Expert Model Kits - Level 5:

For the most experienced model kit builders who want to push the boundaries of their model kit building skills, the level 5 kits are the ones to look out for. These model kits are the biggest and most complex models to build. Comprised of a larger quantity of parts, meaning more smaller parts that are more tricky to apply, and often with a higher skill level of painting required, makes the level 5 model kits the toughest kits to build at the Mini Model shop. 

Genres of model kits

When choosing a model kit, it is important to look for models that are relevant to something that interests you. This means that you can combine two hobbies. You can put the love and effort into making the model, and at the end of the project you will have added to your model collection. There are kits for almost any interest from a wide range of different brands:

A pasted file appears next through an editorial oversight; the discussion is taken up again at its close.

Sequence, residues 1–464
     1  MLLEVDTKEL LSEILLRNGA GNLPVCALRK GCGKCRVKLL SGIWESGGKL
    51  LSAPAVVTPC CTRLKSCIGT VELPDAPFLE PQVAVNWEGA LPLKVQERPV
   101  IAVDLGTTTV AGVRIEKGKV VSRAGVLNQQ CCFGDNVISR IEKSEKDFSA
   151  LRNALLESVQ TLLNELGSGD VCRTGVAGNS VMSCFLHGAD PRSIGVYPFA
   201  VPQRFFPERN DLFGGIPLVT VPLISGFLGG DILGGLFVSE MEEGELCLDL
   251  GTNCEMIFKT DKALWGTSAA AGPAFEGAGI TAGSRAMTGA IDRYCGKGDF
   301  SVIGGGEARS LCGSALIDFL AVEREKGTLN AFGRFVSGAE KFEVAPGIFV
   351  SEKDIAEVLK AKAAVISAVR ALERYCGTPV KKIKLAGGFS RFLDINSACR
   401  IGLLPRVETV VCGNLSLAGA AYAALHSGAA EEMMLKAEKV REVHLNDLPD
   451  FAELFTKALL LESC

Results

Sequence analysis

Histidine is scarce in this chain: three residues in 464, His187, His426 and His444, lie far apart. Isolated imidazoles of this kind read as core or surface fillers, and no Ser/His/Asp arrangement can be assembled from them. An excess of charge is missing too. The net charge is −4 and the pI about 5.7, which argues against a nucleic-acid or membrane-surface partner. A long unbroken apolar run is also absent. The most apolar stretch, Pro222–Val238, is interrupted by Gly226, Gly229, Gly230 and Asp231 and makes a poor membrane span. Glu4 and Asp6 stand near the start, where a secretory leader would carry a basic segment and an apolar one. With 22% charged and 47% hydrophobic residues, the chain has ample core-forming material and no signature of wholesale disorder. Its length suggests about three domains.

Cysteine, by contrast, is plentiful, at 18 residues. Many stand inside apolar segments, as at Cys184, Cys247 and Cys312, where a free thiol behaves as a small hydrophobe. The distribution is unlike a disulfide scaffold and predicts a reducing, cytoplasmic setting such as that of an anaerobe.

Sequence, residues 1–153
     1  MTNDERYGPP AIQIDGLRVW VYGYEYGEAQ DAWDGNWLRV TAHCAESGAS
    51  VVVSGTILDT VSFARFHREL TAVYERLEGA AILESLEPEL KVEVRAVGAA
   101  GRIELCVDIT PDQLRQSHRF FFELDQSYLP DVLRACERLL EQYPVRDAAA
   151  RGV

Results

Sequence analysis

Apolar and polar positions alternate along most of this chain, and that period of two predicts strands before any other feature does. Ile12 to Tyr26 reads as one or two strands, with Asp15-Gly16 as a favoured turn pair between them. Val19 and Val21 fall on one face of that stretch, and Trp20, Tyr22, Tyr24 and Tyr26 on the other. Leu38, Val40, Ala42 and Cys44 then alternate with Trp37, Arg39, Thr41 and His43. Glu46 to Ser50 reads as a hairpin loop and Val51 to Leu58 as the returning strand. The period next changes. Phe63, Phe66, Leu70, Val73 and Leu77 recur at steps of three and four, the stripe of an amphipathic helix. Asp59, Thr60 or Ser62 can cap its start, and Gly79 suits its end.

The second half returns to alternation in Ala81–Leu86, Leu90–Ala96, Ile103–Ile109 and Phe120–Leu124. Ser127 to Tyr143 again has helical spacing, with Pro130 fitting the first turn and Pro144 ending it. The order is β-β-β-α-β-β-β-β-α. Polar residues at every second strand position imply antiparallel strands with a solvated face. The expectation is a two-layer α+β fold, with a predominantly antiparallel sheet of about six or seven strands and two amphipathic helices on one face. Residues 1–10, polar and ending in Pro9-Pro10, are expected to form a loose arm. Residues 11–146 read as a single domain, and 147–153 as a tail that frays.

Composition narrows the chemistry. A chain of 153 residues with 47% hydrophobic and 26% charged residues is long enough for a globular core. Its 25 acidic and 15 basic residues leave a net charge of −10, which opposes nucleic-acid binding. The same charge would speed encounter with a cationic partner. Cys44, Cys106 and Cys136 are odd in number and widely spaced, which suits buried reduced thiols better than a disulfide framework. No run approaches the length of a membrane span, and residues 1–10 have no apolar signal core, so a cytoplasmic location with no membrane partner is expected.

For car and racecar model kits, Maisto, Hasegawa and Fujimi are the main brands to go to. Most car model kits fall in the level 2 and 3 skill levels as the main shell of the vehicle comes in once piece and you have to add the smaller pieces onto it. Maisto also produce a range of model bike kits, along with Tamiya who produce race bike model kits. Road bikes, similar to the cars, are usually in skill level 2 and 3, with some race bikes reaching skill level 4 due to the more complex liveries.